Likewise, I’ve blogged before about Wipro laying the groundwork for a resurgence. Specifically I call out the firm’s early adoption of automation and increased focus on the large megadeal space. We believe Wipro’s adoption of automation allows the provider to be a cost challenger without giving up margins in the multi-tower megadeal space. I expect Wipro will continue its momentum into 2015, building on early successes.

This is not to say that other service providers won’t do well. I highlight these two because they took big steps to turn around their business and position themselves for the future and for velocity coming into 2015.


Photo credit: harmish khambhaita

Enterprise Technology 2015: Heavier Apps, More PaaS, Troubled Security… and more | Sherpas in Blue Shirts

As enterprises freshen their technology mandate for 2015, they stand at the cusp of a multi-dimensional interplay of agility, flexibility, and rising security considerations. Beyond the usual SMAC stack, enterprises are also grappling with challenges to the status quo in terms of faster application development, automated IT operations, the Internet of Things, and process fragmentation.

Following are five technology trends that rose to the top of our list for the important role they will play in enterprise technology in 2015.

    1. Mobile Apps – Will Need a RethinkThe IBM-Apple partnership to tackle enterprise mobility is a significant development that validates our earlier hypothesis. However, the enterprise apps now require a rethink. These apps were conceived to be “light weight” and easy to use, focused on a specific range of capabilities. But, due to increased adoption and constant demand for additional functionality, enterprises are going against this fundamental tenet by coding in multiple features that are making mobile apps heavy and difficult to use. Yet, this same “overhead bulk” has become compulsory to provide features such as analytics across apps usage, offline access, and cloud collaboration that help enterprises perform meaningful tasks. In 2015, enterprises will need to walk a fine line between honoring the basic principles of mobile apps and the persistent demand for increased functionality.
    2. PaaS – The Needle Will Move FurtherWhile Platform-as-a-Service (PaaS) has been touted as the “next wave” since its inception, it never fulfilled its purported potential of adding meaningful value. However, enterprise technology may see that change in 2015 given the push from leading vendors such as Microsoft (Azure), IBM (Bluemix), Red Hat (OpenShift), Salesforce (Salesforce1), and AWS (Elastic Beanstalk). The PaaS business case will be enhanced by IaaS providers offering “PaaS-like” features (which is already happening), as well as PaaS platforms getting integrated with IaaS (e.g., the recent partnership between Apprenda and Piston Cloud). Although we do not believe PaaS will become the face of the cloud, we indeed expect 2015 to push its adoption within enterprises.
    3. Cyber Security and Open Source – Conundrum Won’t be SolvedThe Sony hacking scandal reiterated the importance of enterprise security – which is often taken lightly as compared to most cool next-gen initiatives – and has turned cyber security into a top priority for 2015. However, with the proliferation of Open Source Software (OSS) in enterprises, this “insecure” perception will surge. Enterprises are aggressively looking toward OSS with a host of next-generation technology areas such as cloud (OpenStack), Big Data (Hadoop), mobility, IT operations automation (Chef, Puppet), and content management (Drupal, Joomla!). With marquee B2C corporations such as Netflix, Samsung, and Facebook already having undertaken major, well-publicized OSS initiatives, other traditional enterprises will be pushed hard, despite a concern for security. Google teaming up with Samsung to include Knox (additional enterprise security features) to make Android more appealing for the enterprise is a step in answering this conundrum. However, it won’t be solved in 2015.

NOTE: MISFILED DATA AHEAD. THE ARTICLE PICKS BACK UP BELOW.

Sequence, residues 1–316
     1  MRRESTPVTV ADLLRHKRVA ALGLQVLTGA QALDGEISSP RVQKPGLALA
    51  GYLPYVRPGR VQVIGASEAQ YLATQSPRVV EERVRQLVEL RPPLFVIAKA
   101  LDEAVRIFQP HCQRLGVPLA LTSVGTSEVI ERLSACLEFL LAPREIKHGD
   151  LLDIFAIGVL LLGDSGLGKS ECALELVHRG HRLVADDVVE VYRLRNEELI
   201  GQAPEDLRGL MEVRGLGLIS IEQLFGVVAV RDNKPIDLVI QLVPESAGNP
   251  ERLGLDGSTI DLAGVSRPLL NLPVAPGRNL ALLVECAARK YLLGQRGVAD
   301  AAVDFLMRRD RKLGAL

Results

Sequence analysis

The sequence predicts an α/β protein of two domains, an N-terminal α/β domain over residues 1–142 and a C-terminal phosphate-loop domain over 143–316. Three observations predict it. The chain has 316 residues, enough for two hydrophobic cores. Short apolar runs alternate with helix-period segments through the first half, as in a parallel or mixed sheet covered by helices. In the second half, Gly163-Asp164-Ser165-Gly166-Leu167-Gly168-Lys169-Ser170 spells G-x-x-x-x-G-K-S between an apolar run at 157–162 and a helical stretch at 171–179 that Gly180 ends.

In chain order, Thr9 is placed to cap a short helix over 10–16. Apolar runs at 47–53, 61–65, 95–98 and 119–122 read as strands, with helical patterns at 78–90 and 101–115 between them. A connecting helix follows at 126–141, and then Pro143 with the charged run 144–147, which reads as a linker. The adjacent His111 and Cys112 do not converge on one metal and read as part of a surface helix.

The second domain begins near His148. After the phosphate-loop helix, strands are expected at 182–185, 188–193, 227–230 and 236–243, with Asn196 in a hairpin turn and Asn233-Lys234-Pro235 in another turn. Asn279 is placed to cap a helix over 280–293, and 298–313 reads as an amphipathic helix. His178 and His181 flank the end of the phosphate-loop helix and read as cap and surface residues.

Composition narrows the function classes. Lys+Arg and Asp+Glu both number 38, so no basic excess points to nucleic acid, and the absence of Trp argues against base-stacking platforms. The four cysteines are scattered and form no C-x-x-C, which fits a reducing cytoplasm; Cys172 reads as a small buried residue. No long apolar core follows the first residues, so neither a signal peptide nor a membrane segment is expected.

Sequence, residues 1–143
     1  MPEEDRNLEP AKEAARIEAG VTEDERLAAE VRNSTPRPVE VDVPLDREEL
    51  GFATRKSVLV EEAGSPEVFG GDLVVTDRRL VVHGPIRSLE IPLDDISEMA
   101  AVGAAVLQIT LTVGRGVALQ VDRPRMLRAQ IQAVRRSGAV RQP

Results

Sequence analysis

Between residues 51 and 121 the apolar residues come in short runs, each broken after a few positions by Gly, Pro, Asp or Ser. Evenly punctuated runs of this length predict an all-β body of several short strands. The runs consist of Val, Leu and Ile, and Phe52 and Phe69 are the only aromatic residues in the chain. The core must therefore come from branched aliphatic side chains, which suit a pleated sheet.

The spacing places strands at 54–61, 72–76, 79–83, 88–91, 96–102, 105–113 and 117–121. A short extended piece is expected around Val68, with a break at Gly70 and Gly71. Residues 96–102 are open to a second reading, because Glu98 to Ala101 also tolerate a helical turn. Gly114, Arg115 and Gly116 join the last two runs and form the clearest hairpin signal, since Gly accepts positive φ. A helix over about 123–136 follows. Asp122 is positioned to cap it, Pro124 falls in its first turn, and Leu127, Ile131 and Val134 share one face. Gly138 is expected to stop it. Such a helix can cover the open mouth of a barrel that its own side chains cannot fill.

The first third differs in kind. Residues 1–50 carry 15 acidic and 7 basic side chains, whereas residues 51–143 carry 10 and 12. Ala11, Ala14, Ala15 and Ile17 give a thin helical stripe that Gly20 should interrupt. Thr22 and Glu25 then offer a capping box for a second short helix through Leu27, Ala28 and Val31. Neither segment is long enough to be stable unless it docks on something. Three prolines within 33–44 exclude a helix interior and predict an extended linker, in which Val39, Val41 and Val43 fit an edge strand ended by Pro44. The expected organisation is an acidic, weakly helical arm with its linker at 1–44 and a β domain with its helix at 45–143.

4. Battle for Container Supremacy – Docker Will be ChallengedApplication development is getting a relook within enterprises with increased interest in container technology. Docker, the poster child for containers, whose open platform helps developers to build, ship, and run distributed applications, was rocketed in 2014 with competition from CoreOS. While Docker container technology is now supported by most platforms such as Amazon, Google, IBM, Microsoft, and VMware, its shortcomings are becoming visible. Developers believe Docker “replaces” virtualization but provides limited platform-type support, and its containers are becoming resource intensive. Moreover, given Docker’s early foray into container management, it will be pitted against the might of Google Kubernet and AWS, as well as nimble players such as Giant Swarm. This may dilute Docker’s focus on developing next-generation container technology, leaving an ample field for competitors to exploit.
    5. Analytics – Focus Will be on Bread and ButterWith millions of dollars invested in data analytics initiatives, 2015 will make enterprises reassess the opportunity cost and value of data. While tools such as Hadoop and NoSQL have greatly reduced the entry barriers to analytics, they have witnessed middling adoption. Enterprises still have a long way to go to embed analytics in their existing processes. Therefore, despite the Internet of Things and wearable devices taking off and generating more machine data for organizations to tap into, these new initiatives will not be an immediate priority for 2015. In 2015, enterprises will get their analytics act together to focus on existing processes, consolidation, rationalization, and targeted spending, with data management, governance, and security taking priority.

Danish physicist and Nobel Prize winner Niels Bohr once commented that, “prediction is very difficult, especially if it’s about the future.” So, please join us out on the limb. What are your predictions for 2015 enterprise technology?